• 18
    Circe of Nighttown, I
    Written in playscript form, this longest chapter features the transformations, hallucinations, and displays that occur when Bloom protectively follows Stephen to Bella Cohen's brothel in Dublin's bawdy-house district, and unlike Ulysses in the palace of Circe, gives up the magic plant that wards off the enchantress's power. x
  • 19
    Circe of Nighttown, II
    Stripped of his talismanic potato and thus unable to resist, Bloom must endure a hallucinatory series of humiliations and shape-shifts at the hands of Bella Cohen. How will Bloom face these down, regain his self-command, and continue with his mission of safeguarding Stephen and returning home? x
  • 20
    In Chapter 16, Homer's kindly old swineherd Eumaeus appears as the keeper of a cabman's shelter where Bloom and Stephen go to talk and rest after the older man guides the younger out of Nighttown. The chapter's cliché-ridden, newspapery language of exhaustion gives way to something more human when Bloom, preparing to return home, urges Stephen to "lean on me." x
  • 21
    Return to Ithaca, I
    In the penultimate chapter, written as a catechetical or scientific series of questions and answers that highlights both the characters' humanity and their universal significance, Stephen and Bloom enter Bloom's house "by a stratagem" and then sit and talk. Stephen politely declines an invitation to stay, but not before they have shared a generous moment of communion over the "massproduct" of hot cocoa. x
  • 22
    Return to Ithaca, II
    After Stephen leaves, Bloom's thoughts turn to Molly upstairs. While Stephen becomes the "centrifugal departer," Bloom is "the centripetal remainer," seeking his center in Molly. But his journey to their marriage bed is an ordeal which demands that he try and restore order to both his disarranged house and his own troubled spirit. x
  • 23
    Molly Bloom Speaks
    Lying in bed, Mrs. Marion Bloom thinks of everything she's ever done or felt and every man she's ever known. Yet her uninhibited and sometimes self-contradictory monologue finally shows her thoughts returning home. Her husband remains the only man who understands her, and the memory of their first ecstatic lovemaking leads to Molly's great and final "Yes." x
  • 24
    Joyce and the Modern Novel
    Why does Joyce reject the rules of conventional plotting and leave major questions unresolved? How does Ulysses fit in with the history of English-language fiction? How does Ulysses point to Finnegans Wake? Why does Joyce bind his universalizing, polytropic vision to the richly particularized streets of Dublin on a quite specific day? And how does he succeed so brilliantly at this? x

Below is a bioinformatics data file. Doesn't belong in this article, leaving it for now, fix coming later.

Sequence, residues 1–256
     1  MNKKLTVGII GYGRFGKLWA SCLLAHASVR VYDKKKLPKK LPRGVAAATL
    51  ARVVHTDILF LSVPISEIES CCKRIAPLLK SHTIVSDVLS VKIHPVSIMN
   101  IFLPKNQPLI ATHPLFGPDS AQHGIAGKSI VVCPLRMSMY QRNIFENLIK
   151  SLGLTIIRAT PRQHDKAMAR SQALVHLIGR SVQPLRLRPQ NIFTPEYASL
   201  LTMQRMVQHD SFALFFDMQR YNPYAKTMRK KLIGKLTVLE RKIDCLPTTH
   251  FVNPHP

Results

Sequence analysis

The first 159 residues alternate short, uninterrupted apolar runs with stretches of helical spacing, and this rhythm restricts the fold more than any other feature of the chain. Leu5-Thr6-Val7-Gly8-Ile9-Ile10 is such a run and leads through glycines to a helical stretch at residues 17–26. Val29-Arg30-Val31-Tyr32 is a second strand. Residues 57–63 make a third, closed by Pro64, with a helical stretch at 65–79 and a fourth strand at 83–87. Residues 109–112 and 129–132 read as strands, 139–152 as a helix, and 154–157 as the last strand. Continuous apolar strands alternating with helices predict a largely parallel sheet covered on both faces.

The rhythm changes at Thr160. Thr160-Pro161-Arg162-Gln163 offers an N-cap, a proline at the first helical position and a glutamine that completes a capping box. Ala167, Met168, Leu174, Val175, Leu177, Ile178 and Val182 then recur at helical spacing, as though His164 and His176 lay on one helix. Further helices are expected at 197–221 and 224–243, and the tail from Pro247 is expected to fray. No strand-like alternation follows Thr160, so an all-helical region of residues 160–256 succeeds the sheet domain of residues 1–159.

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Your professor

James A. W. Heffernan

About Your Professor

James A. W. Heffernan, Ph.D.
Dartmouth College
Dr. James A. W. Heffernan is Professor of English, Emeritus at Dartmouth College, where he was also Frederick Sessions Beebe '35 Professor in the Art of Writing. He earned his A.B. cum laude from Georgetown University and his Ph.D. in English from Princeton University. Professor Heffernan taught a range of courses at Dartmouth, including European Romanticism, English Romantic poetry, methods of literary criticism, and the...
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Joyce's Ulysses is rated 4.6 out of 5 by 77.
Rated 5 out of 5 by from Great courses, extremely well taught I am currently doing Ulysses. I am finally able to understand this novel. I have been trying for yesterday. Your course is making it possible.
Date published: 2020-07-19
Rated 5 out of 5 by from SUPERB!!! This is by far the best Great Courses course I have taken. This is my second time listening to it. This course is absolutely indispensable for anyone with an interest in Joyce's Ulysses. The way Prof. Heffernan analyses each book of the novel with reference to corresponding events in Homer's Odyssey is just spectacular. These correspondences that add so much depth and understanding to Ulysses are essential for comprehending a very difficult book. These lectures have made my enjoyment of the novel infinitely greater. Listening to these lectures the second time through is very timely since tomorrow is Bloom's Day!!!
Date published: 2020-06-15
Rated 3 out of 5 by from Perfect for beginners This was not my first time reading Ulysses, so the emphasis on the parallels between Joyce's book and The Odyssey was not what I was looking for. What truly makes the book the landmark that it is is in its use of language, which is not discussed nearly enough for my taste in the lectures.
Date published: 2020-06-05